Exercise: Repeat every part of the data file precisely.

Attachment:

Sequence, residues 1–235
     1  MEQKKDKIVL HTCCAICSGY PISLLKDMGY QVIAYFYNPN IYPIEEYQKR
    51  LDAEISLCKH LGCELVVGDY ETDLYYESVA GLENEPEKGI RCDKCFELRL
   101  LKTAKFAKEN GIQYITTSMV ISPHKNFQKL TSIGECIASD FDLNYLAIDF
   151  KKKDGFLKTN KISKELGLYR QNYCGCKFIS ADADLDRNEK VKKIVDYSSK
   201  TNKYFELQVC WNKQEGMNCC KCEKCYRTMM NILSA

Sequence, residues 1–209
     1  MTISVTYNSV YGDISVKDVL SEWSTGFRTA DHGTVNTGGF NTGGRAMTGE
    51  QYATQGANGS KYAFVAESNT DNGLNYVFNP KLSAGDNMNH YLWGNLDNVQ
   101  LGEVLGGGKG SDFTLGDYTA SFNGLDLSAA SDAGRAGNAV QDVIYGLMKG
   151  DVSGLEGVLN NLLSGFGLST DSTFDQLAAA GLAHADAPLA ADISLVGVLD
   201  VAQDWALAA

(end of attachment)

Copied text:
Sequence, residues 1–235
     1  MEQKKDKIVL HTCCAICSGY PISLLKDMGY QVIAYFYNPN IYPIEEYQKR
    51  LDAEISLCKH LGCELVVGDY ETDLYYESVA GLENEPEKGI RCDKCFELRL
   101  LKTAKFAKEN GIQYITTSMV ISPHKNFQKL TSIGECIASD FDLNYLAIDF
   151  KKKDGFLKTN KISKELGLYR QNYCGCKFIS ADADLDRNEK VKKIVDYSSK
   201  TNKYFELQVC WNKQEGMNCC KCEKCYRTMM NILSA

Sequence, residues 1–209
     1  MTISVTYNSV YGDISVKDVL SEWSTGFRTA DHGTVNTGGF NTGGRAMTGE
    51  QYATQGANGS KYAFVAESNT DNGLNYVFNP KLSAGDNMNH YLWGNLDNVQ
   101  LGEVLGGGKG SDFTLGDYTA SFNGLDLSAA SDAGRAGNAV QDVIYGLMKG
   151  DVSGLEGVLN NLLSGFGLST DSTFDQLAAA GLAHADAPLA ADISLVGVLD
   201  VAQDWALAA